Nearly 10% of all cancer cases diagnosed in Australia are lung cancer. While some of these are due to smoking and air pollutants, many lung cancer cases are either genetic, or caused by the building material asbestos. In fact, Australia has one of the highest rates of mesothelioma (the type of tumour caused by asbestos) in the world and unfortunately currently there is no cure.
In order to try find effective treatments for this terrible disease the first step of the project is carrying out ‘genome sequencing’ on patient lung cell samples. This is hoping to identify potential gene alterations – the ‘driver’ genes that cause mutations in the lung and lead to the development of mesothelioma and associated malignant tumours. This will help to answer, if there is a particular type of genetic change due to asbestos exposure and if this knowledge can be used to develop an early predictive test for mesothelioma.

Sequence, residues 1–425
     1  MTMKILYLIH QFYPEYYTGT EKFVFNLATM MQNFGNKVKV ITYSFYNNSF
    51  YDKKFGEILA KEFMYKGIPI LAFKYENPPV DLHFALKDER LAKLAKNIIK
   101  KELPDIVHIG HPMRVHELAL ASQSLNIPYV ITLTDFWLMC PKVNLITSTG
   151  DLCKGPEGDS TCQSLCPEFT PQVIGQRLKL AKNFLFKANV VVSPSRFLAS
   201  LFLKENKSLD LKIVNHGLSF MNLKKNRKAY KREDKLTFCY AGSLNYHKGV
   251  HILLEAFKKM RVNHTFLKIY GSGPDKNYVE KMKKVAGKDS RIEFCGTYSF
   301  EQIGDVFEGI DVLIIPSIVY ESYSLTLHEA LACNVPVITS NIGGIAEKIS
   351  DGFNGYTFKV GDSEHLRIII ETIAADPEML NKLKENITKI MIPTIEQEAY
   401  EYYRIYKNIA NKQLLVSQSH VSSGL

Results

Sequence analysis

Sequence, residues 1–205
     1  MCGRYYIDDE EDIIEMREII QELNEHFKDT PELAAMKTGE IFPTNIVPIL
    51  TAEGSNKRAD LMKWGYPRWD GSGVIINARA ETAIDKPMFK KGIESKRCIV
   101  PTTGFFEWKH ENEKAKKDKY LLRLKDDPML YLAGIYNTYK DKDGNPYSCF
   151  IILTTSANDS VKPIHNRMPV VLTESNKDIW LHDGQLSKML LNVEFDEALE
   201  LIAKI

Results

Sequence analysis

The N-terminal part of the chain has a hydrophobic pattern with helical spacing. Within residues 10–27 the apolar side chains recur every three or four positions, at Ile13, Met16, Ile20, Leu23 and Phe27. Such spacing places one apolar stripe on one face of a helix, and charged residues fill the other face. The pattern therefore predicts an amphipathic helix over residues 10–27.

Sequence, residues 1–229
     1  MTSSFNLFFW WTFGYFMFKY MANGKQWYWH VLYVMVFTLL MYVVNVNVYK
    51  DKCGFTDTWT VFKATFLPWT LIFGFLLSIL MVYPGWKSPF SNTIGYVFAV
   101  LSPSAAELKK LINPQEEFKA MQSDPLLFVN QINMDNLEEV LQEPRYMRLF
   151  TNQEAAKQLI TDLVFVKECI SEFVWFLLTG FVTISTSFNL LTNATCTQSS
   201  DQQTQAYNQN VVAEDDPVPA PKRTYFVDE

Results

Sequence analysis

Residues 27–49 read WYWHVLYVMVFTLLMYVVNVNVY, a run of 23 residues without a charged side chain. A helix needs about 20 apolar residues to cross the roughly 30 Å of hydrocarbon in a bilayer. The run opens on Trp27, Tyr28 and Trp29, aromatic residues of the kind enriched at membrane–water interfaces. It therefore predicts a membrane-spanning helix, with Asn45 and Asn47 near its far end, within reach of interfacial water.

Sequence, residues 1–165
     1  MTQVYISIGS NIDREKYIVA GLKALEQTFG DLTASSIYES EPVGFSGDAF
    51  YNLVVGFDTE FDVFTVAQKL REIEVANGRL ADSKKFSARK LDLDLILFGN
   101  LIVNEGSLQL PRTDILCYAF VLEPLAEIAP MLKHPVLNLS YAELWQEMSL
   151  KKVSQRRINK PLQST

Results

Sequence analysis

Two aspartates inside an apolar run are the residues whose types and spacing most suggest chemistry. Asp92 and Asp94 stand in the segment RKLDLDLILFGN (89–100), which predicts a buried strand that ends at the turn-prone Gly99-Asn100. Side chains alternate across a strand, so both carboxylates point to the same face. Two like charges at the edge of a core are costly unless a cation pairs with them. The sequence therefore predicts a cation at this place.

The information gained will lead to part two of the project; personalising lung cancer treatments for patients based off their genetics. We know that treatment for any type of lung cancer is just that, a treatment to keep the symptoms and side effects of the disease at bay. Unfortunately, there is currently no “cure”, but Professor Rayleen Bowman’s team hope to change this by developing a new method that will allow for highly personalised treatment based on the results of gained in early testing.
This research is an exciting step forward in looking for a treatment and cure for this terrible yet all too common condition.
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